A talk on solar astronomy in H-alpha
by Harry Roberts
Harry Roberts is to give his talk to Shoalhaven Astronomers on 18th May
The speaker began study of the sun in H-alpha on June 23, 2001. Within minutes the filter revealed prominences and surface filaments; then a small but brilliant flare erupted. It was a “revelation”!
Yet the peak of flaring for Solar Cycle 23 still lay two and a half years in the future, and flaring would be sustained well into 2007. Over that time hundreds of flares and ejection events would be logged in an extraordinary adventure of daytime astronomy.
The flaring of SC23 was probably the strongest for a century – and was followed, unexpectedly, by the deepest minimum for a century – prompting NASA to denounce the sun for “behaving unpredictably”!
Solar cycle SC24 is now well advanced, and GOES Class X flares (the strongest) erupted early in 2011; so activity is increasing. This, together with the fact that H-alpha equipment has never been cheaper, means that right now is the ideal time to enter the bizarre world of H-alpha astronomy. There is more to be seen than you’d dare imagine.
The Talk will cover:
Making a start: equipment and techniques.
Some H-alpha features and how to recognise them.
The coming maximum, what to expect.
Solar magnetism and the reversal of polar fields.
And much more.
Astronomical Bio: Harry Roberts
Growing up in Adelaide during the 1950’s and 60’s, a time of intense solar activity, Harry has the sun “in his veins”.
His first sun images were projected with a small ‘scope, and then a larger reflector in the 1960’s, with regular viewing over following decades.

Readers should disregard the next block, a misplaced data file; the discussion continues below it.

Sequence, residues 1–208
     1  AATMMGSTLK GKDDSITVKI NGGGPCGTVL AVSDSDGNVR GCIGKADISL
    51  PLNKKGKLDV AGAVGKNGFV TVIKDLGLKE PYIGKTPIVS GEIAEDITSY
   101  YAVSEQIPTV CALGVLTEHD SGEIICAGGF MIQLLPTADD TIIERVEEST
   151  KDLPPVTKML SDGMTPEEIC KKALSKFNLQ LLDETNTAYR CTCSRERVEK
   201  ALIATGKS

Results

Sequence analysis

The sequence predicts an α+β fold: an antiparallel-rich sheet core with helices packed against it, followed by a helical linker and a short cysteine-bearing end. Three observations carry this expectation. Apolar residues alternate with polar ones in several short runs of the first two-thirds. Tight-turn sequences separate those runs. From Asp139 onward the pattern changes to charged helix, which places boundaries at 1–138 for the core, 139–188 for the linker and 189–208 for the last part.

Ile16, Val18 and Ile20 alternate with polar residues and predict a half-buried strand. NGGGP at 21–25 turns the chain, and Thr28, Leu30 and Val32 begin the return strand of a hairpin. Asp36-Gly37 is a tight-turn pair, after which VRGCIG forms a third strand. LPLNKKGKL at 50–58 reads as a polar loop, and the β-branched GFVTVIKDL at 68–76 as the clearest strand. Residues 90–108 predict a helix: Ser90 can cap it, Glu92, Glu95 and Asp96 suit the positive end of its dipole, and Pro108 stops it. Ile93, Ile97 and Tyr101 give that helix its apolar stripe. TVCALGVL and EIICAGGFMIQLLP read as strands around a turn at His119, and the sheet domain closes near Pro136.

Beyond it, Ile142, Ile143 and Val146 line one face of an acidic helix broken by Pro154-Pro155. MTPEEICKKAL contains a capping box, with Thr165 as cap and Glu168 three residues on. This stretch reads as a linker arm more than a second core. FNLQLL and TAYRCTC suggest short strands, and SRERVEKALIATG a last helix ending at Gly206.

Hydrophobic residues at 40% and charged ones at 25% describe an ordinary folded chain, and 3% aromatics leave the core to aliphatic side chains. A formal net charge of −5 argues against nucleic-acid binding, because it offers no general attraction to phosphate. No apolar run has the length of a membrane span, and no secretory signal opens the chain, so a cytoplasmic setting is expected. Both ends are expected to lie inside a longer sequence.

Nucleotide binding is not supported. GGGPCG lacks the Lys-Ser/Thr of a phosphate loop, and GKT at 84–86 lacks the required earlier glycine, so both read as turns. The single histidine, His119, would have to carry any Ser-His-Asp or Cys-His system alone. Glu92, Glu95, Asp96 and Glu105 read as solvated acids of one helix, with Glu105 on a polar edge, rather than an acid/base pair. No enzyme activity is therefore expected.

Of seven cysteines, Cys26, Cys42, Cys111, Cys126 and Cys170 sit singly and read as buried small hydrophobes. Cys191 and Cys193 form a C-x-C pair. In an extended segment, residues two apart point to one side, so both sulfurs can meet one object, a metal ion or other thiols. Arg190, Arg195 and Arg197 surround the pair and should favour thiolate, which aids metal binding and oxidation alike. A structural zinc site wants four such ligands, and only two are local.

In 2000 he began daily recording of sunspots in white-light. In 2001 he upgraded his 8” ‘scope by fitting an H-alpha filter, taking his first steps into the bizarre world of high temperature plasmas, flares and ejections.
Observing in Sydney (often all day) he found that such events happen many times daily during solar maximum – and has since then recorded hundreds of flares and associated events.
In 2006 he adapted a freeware product to pin-point H-alpha transients on the sun– a crucial tool for serious research.
These efforts led to many articles in amateur journals as well as presentations to amateur groups and public gatherings.
His favourite astronomical moment was following an ejecting filament from the sun’s surface to a point in space more than one solar radius away; material shown to be moving at ~300 km.sec-1!
Affiliations: Sydney City Skywatchers, the Astronomical Society of NSW, the Royal Astronomical Society of NZ and the Astronomical Society of Coonabarabran.
Objective: to better communicate the dramatic and paradoxical character of our star and its high velocity transients.
Awards: ASNSW Southern Cross Award 2003, ASNSW Editor’s Award 2003, NACAA poster prize 2008 (“Anomalous Flaring in Cycle 23”), and the ASNSW Mike Kerr Medal 2009 for Observational
Astronomy (inaugural award).